Wine Department: A Brief Clarification on Smoke Taint Mythos in the Wake of the Wildfires in California and Beyond
Smoke taint. You know it when you taste it. In the wake of the wildfires that burned tens of thousands of acres in the California counties of Napa, Sonoma and Mendocino, as well as fires in Portugal, Spain, Oregon, Washington, and Chile this year alone, we thought it prudent to talk a little bit about smoke taint in general, and dispel some of the misperceptions relating to this potential flaw in wines.
First off, smoke taint is not just residual ash that lands on the grapes and can be washed off. Grapes exposed to excessive smoke can be at risk for compounds called volatile phenols that can be imbued into the grapes, bonding to the sugars within the grapes to form molecules known as glycosides. Once bonding takes place the volatility shuts down, only to be awakened once fermentation is initiated. This is where the problems arise.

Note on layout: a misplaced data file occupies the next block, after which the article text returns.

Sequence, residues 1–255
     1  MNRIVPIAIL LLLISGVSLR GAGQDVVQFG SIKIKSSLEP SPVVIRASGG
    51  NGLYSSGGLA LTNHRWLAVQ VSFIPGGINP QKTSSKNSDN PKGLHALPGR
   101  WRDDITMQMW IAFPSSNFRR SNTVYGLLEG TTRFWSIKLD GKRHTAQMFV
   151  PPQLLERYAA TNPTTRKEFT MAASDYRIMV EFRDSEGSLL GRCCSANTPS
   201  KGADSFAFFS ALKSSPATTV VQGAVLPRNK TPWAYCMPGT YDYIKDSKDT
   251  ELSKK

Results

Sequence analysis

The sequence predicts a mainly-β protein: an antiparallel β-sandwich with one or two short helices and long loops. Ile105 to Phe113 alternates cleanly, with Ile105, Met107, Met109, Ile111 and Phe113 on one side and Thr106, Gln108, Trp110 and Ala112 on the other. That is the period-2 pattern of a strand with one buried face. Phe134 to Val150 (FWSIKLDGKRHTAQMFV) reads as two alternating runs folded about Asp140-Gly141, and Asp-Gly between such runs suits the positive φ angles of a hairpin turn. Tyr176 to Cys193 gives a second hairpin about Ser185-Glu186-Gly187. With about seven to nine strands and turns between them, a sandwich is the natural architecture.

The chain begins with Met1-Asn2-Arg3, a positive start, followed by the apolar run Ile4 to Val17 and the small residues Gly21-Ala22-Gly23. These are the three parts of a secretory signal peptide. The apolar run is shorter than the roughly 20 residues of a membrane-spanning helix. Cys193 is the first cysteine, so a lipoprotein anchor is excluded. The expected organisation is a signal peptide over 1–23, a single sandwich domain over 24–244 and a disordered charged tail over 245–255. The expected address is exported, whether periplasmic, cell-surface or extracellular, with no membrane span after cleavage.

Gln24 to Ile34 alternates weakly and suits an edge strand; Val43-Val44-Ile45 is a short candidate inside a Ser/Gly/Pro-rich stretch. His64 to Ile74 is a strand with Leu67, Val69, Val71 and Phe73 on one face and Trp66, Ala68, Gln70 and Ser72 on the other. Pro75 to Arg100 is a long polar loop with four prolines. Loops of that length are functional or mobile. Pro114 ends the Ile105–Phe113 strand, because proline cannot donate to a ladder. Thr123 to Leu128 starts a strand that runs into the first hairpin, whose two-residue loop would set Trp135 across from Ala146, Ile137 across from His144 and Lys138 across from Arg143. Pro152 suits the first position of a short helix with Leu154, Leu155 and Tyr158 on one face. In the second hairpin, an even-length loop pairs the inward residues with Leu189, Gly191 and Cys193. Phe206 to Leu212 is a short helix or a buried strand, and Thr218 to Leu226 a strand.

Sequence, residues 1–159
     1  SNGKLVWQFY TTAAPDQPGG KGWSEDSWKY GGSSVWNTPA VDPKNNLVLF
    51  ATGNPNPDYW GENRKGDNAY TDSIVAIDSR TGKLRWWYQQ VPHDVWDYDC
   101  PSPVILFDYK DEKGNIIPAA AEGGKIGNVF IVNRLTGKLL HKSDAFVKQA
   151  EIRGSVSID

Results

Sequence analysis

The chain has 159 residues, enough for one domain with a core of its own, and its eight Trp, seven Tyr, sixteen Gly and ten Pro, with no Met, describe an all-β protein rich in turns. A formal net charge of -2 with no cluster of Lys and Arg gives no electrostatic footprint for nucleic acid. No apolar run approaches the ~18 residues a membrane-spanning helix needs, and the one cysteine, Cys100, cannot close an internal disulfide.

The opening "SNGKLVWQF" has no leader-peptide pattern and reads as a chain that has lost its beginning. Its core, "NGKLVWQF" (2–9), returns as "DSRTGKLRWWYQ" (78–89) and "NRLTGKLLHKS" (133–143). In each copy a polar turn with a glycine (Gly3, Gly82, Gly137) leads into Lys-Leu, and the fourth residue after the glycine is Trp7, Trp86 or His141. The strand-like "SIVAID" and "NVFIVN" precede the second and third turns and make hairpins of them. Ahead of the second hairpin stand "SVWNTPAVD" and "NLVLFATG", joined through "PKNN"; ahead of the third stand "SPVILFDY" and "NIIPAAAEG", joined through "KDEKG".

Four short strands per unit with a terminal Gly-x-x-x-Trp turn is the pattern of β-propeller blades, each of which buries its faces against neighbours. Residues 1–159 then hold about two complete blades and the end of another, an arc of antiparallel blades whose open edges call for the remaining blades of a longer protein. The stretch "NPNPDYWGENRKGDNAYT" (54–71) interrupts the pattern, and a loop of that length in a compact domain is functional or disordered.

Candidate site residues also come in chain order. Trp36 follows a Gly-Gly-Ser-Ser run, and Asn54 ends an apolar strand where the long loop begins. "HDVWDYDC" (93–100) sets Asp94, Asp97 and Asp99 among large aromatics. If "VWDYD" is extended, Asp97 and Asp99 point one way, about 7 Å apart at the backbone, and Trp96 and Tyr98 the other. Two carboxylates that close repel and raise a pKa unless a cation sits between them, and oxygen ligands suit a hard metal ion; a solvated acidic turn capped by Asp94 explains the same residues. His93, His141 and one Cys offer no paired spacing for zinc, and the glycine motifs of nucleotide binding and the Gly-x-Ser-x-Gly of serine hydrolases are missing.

Grapes with thicker skins are most susceptible. Grapes like Cabernet Sauvignon, which in California, were (for the most part) picked before the recent wildfires there. There are still some onologists who debate this, but this is by-and-large proven to be true. This is problematic for red wines due to its requiring maceration with the skins in order to achieve color. White wines won’t be as affected as reds due to lack of skin contact. Grapes that come in contact with smoke between veraison (the onset of ripening) and harvest are most susceptible to smoke taint.
A lot of folks have shared their desires to help our friends in the fire-stricken areas out in California and beyond, and the biggest help you can provide is: buy wine. Support the regions hit hardest by buying their wines and coming back for more. Below are some great wines from the aforementioned areas, including Napa’s Signorello, which its winery burned to the ground, and Mendocino’s Frey Winery.